MessageToEagle.com - Astronomers using the NASA/ESA Hubble Space Telescope have solved the 40-year-old mystery
of the origin of the Magellanic Stream, a long ribbon of gas stretching nearly halfway around the Milky Way.
New Hubble observations reveal that most of this stream was stripped from the Small Magellanic Cloud some two billion
years ago, with a smaller portion originating more recently from its larger neighbor.
The Magellanic Clouds, two dwarf galaxies orbiting our galaxy, are at the head of a huge gaseous filament known as
the Magellanic Stream. Since the Stream's discovery in the early 1970s, astronomers have wondered whether this gas
comes from one or both of the satellite galaxies.
Click on image to enlarge
hese images show wide and close-up views of a long ribbon of gas called the Magellanic Stream, which stretches nearly halfway around the Milky Way. In the combined radio and visible-light image at the top, the gaseous stream is shown in pink. The radio observations from the Leiden/Argentine/Bonn (LAB) Survey have been combined with the Mellinger All-Sky Panorama in visible light. The Milky Way is the light blue band in the centre of the image. The brown clumps are interstellar dust clouds in our galaxy. The Magellanic Clouds, satellite galaxies of the Milky Way, are the white regions at the bottom right. (Credit: Credit for the radio/visible light image: David L. Nidever, et al., NRAO/AUI/NSF
and Mellinger, LAB Survey, Parkes Observatory, Westerbork Observatory, and Arecibo Observatory. Credit for the radio image: LAB Survey.
Now, new Hubble observations show that most of the gas was stripped from the Small Magellanic Cloud about two
billion years ago - but surprisingly, a second region of the stream was formed more recently from the Large
A team of astronomers determined the source of the gas filament by using Hubble's Cosmic Origins Spectrograph (COS),
along with observations from ESO's Very Large Telescope, to measure the abundances of heavy elements, such as oxygen
and sulphur, at six locations along the Magellanic Stream.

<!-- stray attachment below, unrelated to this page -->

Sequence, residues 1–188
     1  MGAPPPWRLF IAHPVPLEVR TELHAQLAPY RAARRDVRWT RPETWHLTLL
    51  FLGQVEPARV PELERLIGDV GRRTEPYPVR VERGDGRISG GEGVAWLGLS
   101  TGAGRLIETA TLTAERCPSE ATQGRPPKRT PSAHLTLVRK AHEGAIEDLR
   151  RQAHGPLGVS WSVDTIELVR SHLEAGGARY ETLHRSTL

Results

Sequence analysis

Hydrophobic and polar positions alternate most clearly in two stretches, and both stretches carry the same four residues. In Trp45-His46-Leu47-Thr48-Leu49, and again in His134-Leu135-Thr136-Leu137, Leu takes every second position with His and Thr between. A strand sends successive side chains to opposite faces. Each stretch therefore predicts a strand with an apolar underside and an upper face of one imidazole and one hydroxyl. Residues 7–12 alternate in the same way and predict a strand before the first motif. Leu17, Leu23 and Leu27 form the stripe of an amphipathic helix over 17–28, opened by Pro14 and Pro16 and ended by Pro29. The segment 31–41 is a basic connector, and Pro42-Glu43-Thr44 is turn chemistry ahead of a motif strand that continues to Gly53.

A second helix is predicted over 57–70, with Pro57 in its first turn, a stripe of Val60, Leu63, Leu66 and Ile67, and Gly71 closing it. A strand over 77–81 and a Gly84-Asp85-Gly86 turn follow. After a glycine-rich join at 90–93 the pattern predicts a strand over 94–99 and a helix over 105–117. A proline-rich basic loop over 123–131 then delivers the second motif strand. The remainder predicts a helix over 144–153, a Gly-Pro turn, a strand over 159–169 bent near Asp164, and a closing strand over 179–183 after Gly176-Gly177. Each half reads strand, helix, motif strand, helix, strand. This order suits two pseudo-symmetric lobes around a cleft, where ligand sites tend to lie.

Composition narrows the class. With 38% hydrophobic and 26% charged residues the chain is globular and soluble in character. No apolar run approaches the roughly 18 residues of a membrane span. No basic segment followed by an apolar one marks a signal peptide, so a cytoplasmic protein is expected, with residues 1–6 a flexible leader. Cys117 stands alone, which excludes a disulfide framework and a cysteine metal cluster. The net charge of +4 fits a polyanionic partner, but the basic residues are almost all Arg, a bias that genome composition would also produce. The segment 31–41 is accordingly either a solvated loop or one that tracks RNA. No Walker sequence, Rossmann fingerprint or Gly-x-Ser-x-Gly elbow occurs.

COS detected these elements from the way they absorb the ultraviolet light released by faraway quasars - the brilliant
cores of active galaxies - as it passes through the foreground Stream.
The team found low abundances of oxygen and sulphur along most of the stream, matching the levels in the Small
Magellanic Cloud about two billion years ago, when the gaseous ribbon was thought to have been formed.
"We're finding a consistent amount of heavy elements in the stream until we get very close to the Magellanic Clouds, and then the heavy element levels go up," says Andrew Fox, a staff member supported by ESA at the Space Telescope Science Institute, USA, and lead author of one of two new papers reporting these results.
"This inner region is very similar in composition to the Large Magellanic Cloud, suggesting it was ripped out of that galaxy more recently."
Click on image to enlarge
All-sky view of the Magellanic Stream (radio/visible-light)
This image shows a long ribbon of gas called the Magellanic Stream, which stretches nearly halfway around the Milky Way.
In this combined radio and visible-light image, the gaseous stream is shown in pink. The radio observations are taken from the Leiden/Argentine/Bonn (LAB) Survey. The Milky Way is the light blue band in the centre of the image. The brown clumps are interstellar dust clouds in our galaxy. The Magellanic Clouds, satellite galaxies of the Milky Way, are the white regions at the bottom right.
Credit: David L. Nidever, et al., NRAO/AUI/NSF and Mellinger, Leiden/Argentine/Bonn Survey, Parkes Observatory, Westerbork
Observatory, and Arecibo Observatory.
In a surprising twist, the team discovered a much higher level of sulphur in a region closer to the Magellanic Clouds.
This discovery was unexpected; computer models of the Stream predicted that the gas came entirely out of the Small Magellanic Cloud, which has a weaker gravitational pull than its more massive cousin.
"As Earth's atmosphere absorbs ultraviolet light, it's hard to measure the amounts of these elements accurately, as you need to look in the ultraviolet part of the spectrum to see them," says Philipp Richter of the University of Potsdam, Germany, and lead author on the second of the two papers.
"So you have to go to space. Only Hubble is capable of taking measurements like these."
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